The lesson learned was clear: to become a world-class prizefighter, the commitment has to be 24/7/365.
“Oh, definitely. We're athletes just like every other sport. You don't see other athletes in other sports get fat; they're always working,” said Molina, pointing out one of the great ironies- boxers are in the most dangerous of professions yet too often, we hear of them having to round themselves into physical condition. Nowadays, most professional athletes have off-season regimens they adhere to. Molina continues by saying, “With us, it's the same thing...actually, it's worse because we're getting hit in the face. So you gotta be ready all the time.”
His manager Frank Espinoza told Maxboxing, “I hope that draw was an eye-opener for [Molina]. That's not what we expect from any of our fighters. Bottom line is that we can only provide the opportunities for him but we can't prepare or fight for them. But honestly, I liked the way he looked against Manuel Leyva. I think that was a very good bounce-back fight for him.”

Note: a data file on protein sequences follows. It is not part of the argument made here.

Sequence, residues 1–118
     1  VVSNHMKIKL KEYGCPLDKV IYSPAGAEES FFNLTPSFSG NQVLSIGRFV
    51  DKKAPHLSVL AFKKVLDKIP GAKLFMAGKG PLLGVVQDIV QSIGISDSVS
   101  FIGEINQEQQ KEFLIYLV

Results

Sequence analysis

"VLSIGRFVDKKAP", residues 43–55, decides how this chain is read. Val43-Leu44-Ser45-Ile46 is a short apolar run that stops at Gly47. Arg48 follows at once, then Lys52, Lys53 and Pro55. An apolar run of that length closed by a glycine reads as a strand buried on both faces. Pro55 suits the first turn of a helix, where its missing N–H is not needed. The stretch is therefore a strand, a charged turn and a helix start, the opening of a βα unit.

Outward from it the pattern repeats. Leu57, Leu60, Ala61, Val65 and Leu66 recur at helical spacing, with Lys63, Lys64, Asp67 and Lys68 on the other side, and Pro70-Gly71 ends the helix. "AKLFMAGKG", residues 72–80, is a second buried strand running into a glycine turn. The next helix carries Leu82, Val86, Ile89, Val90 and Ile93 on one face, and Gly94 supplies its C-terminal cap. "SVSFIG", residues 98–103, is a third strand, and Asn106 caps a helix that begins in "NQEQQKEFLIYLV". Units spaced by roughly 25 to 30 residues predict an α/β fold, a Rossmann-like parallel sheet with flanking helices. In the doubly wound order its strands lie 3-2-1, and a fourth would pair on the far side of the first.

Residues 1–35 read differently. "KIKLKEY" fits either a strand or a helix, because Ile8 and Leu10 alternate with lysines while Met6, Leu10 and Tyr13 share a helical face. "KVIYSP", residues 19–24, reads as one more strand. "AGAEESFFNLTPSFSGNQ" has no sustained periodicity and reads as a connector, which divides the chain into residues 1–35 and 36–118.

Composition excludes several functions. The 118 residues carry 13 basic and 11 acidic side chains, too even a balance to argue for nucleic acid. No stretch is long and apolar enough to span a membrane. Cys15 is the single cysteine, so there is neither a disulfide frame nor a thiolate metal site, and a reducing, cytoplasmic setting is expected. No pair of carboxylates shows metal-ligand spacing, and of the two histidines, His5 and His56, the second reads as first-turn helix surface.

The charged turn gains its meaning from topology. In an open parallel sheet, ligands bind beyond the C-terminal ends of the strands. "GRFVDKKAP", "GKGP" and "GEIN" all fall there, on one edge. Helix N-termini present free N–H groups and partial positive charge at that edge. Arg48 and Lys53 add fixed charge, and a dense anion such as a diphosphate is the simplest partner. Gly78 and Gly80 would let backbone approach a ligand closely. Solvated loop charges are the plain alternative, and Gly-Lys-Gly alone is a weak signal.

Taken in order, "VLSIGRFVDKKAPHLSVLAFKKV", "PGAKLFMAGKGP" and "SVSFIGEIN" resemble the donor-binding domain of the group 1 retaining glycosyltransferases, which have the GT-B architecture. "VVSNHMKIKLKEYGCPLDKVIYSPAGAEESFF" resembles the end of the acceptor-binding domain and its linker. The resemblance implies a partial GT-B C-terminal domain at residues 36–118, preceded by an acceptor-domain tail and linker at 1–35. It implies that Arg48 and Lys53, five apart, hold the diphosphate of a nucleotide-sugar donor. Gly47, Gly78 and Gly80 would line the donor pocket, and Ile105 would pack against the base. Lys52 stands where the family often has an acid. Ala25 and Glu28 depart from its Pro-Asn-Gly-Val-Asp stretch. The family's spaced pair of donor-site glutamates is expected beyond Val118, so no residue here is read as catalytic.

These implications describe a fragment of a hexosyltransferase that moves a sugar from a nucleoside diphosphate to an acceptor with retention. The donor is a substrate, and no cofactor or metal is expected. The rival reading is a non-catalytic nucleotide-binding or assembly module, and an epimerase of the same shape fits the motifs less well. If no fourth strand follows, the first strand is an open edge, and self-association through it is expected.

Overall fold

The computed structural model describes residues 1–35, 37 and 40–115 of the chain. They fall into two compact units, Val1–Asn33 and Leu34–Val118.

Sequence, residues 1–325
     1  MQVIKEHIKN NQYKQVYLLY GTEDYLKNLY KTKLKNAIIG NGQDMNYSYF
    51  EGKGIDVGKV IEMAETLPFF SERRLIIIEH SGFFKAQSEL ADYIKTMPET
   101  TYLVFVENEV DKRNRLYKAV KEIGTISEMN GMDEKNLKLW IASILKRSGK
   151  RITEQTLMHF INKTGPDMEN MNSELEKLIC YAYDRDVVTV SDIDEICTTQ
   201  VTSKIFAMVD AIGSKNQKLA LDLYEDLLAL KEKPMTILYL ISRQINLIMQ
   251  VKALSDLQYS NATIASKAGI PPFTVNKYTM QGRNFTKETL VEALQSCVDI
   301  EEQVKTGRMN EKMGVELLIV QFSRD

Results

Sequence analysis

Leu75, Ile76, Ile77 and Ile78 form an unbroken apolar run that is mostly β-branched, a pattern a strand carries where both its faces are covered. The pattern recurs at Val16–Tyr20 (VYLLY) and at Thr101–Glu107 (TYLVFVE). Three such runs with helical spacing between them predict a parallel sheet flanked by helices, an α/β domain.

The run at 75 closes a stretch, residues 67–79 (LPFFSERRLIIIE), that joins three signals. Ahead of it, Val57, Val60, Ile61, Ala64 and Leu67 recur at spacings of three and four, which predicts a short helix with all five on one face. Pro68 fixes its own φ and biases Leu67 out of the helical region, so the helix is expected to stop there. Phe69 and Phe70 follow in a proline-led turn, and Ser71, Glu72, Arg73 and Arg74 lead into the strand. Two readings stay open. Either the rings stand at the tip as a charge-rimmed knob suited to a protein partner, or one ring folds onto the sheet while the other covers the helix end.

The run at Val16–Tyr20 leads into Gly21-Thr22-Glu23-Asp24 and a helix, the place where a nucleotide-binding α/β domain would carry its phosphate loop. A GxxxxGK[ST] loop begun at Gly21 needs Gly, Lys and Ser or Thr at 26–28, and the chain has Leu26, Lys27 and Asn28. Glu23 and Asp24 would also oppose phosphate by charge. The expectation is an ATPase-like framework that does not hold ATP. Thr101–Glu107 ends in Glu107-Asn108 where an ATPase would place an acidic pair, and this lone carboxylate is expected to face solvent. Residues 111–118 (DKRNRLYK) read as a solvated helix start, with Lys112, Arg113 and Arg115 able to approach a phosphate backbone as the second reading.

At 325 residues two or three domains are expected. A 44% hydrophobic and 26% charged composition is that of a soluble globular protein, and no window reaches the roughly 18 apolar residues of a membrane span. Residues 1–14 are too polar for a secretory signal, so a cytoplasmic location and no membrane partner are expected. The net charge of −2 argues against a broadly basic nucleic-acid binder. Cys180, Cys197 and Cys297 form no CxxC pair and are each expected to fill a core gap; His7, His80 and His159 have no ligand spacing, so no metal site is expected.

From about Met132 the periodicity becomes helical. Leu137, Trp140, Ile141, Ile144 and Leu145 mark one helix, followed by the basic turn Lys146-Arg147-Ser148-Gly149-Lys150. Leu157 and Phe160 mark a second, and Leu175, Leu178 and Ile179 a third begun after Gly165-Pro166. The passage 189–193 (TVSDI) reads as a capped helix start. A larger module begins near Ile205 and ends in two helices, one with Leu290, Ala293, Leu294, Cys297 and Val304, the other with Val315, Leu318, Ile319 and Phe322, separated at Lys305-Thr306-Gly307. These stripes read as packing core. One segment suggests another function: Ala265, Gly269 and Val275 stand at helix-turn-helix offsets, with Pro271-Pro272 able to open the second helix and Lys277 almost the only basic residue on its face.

Against Leyva in early December, weighing 137.75 pounds, he looked much sharper and energetic in winning a 10-round verdict. “I felt a whole lot better,” said Molina. “I went in with a pretty tough guy in Manuel Leyva; he had a lot of fights. We went all 10 rounds and I felt good going the 10 rounds. I was in shape; I felt strong. I was focused; I was ready. I felt really good that fight.”
At his best, Molina is a quick-handed, busy fighter who makes up for his relative lack of power with activity. He can be a fun and entertaining T.V. fighter but at around 5’6”, he's much more effective as a lightweight. That's something everyone involved agrees with.